The efficiency of public violence derives from the staging of power and legitimacy. This performative quality is amplified by the performance’s high visibility, usually staged in a public arena. Of course, violence has also always been a vital part of the performing arts: the element of scopophilia is as important as the fact that the theatre can use actual bodies for the representation of violence, thus highlighting the bodily experience of both performer and spectator. Stating that ‘[t]heatre is an art of bodies witnessed by bodies’, Simon Shepherd argues that the act of witnessing signifies a person attesting ‘to the truth of something that is or was present for them.’ Through the physical presence of the bodies on stage the acts of violence one has been aware of in an abstract way, in the form of statistics and reports, become again connected to actual bodies. Obviously, it is not genuine violence that is witnessed when it is performed on the theatrical stage: it echoes the features of violence but remains a mere approximation, raising questions about representation: is the attempt to acknowledge violence by witnessing the representation of violence the only way we can possibly understand the experience of violence without being subjected to it ourselves? I will explore the relationship between publically staged violence and violence represented on stage, and, drawing from Kelly Oliver’s theory of an ethics based on witnessing and from recent plays such as Zecora Ura’s Hotel Medea and Dea Lehor’s Life on Praça Roosevelt, will discuss how the theatre might be seen as the art form best suited to enable ‘witnessing beyond recognition’.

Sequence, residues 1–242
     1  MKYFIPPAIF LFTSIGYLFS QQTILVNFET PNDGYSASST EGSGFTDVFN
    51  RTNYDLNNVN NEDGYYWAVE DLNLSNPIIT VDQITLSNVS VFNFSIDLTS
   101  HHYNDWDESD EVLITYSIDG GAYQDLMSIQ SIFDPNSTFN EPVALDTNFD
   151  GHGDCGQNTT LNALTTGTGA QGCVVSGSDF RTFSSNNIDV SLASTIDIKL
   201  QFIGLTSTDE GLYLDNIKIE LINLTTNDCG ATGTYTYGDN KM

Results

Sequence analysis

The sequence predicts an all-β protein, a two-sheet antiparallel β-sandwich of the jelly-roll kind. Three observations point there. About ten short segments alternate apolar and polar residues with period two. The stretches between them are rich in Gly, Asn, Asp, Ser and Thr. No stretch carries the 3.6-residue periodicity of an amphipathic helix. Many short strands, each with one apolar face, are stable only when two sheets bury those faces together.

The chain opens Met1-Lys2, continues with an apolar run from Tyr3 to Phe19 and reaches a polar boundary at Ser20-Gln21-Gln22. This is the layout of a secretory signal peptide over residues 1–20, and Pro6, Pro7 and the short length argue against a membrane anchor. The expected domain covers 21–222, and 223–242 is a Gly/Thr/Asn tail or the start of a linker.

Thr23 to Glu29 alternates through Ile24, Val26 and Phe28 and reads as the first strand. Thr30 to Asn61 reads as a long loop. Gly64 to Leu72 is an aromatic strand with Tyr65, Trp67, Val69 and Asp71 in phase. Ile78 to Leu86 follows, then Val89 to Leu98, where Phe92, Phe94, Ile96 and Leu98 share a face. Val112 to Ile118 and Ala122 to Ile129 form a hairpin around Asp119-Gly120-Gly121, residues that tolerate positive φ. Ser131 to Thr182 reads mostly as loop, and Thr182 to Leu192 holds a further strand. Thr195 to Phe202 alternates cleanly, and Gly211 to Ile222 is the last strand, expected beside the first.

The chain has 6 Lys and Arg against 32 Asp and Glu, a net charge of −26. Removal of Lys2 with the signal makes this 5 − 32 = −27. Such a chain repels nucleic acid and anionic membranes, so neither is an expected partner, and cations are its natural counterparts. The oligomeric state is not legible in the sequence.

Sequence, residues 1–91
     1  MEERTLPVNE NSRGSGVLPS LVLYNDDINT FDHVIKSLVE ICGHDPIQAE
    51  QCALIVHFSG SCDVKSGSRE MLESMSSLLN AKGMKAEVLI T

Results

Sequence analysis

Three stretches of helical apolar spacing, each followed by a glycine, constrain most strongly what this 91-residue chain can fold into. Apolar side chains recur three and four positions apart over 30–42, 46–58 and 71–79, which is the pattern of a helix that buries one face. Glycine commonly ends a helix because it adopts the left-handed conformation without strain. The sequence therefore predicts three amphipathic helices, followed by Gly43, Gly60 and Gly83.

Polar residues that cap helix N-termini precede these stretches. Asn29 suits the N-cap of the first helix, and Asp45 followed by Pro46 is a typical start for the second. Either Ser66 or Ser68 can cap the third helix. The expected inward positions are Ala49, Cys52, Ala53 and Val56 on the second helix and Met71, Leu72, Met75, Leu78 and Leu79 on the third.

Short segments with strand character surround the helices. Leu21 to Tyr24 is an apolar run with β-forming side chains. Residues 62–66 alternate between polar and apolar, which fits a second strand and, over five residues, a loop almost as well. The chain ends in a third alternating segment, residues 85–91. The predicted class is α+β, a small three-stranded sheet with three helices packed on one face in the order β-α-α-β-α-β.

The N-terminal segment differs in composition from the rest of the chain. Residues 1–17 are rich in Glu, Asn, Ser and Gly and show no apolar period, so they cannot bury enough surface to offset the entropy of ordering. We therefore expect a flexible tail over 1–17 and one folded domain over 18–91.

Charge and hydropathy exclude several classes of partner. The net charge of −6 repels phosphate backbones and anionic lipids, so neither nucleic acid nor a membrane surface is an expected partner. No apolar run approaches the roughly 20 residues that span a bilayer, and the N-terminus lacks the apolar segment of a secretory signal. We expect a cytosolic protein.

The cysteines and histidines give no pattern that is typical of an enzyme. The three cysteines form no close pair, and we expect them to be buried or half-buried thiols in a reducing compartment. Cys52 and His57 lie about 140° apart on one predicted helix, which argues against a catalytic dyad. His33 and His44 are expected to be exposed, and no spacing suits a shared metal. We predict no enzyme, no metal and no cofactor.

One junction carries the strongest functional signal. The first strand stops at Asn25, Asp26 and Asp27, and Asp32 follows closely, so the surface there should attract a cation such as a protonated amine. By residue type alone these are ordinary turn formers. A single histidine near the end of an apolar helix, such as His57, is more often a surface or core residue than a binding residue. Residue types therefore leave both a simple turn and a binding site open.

Gary Bratchford and Huw Wahl, Manchester Metropolitan University, UK, Negotiating representation in Israel and Palestine

This paper will address the weekly anti occupation protests that occur in Israel and the Occupied territories (OT) with specific focus on the production and dissemination of images depicting ritualistic resistance by Palestinians against Israeli forces. The paper will primarily consider the ‘academic/activist interface’ through active field research, considered against the conceptualization of protests as events to be witnessed, documented and disseminated.

Lastly, this paper will offer a critical analysis of current visual practices related to how the Palestinian demonstrations are framed or staged with subsequent insight into the emergence of academic/activist research and the role of the camera.

A collaborative investigation, this research is underpinned by fieldwork produced in the OT during summer 2012 by academic/photographer Huw Whal. By combining primary resources, interviews and theoretical discussions we investigate the role of the documenter and the effect repetitive imagery has on both the viewer from afar, and conversely the Palestinian, as a mediated and represented subject under occupation. It has been argued that a dialectic has arisen whereby the Palestinian is caught in a perpetual cycle of narrative driven representations of ‘iconic’ or ‘monolithic’ imagery. Campbell (2009) suggests that Palestinians locate their claims for justice in the immediate presentation of bodies and victims. However Allen (2004) suggests that Palestinians represent themselves to each other and to the international community via a human-rights framework, whereby rights that are seen to arise not from a political status but from the state of (human) nature. But how does the Palestinian see his or herself in the press? Through the fieldwork conducted a dichotomy has arisen related to how ‘true victimhood’ is represented when one considers peace activist photography against the visual construction of Palestine in the media.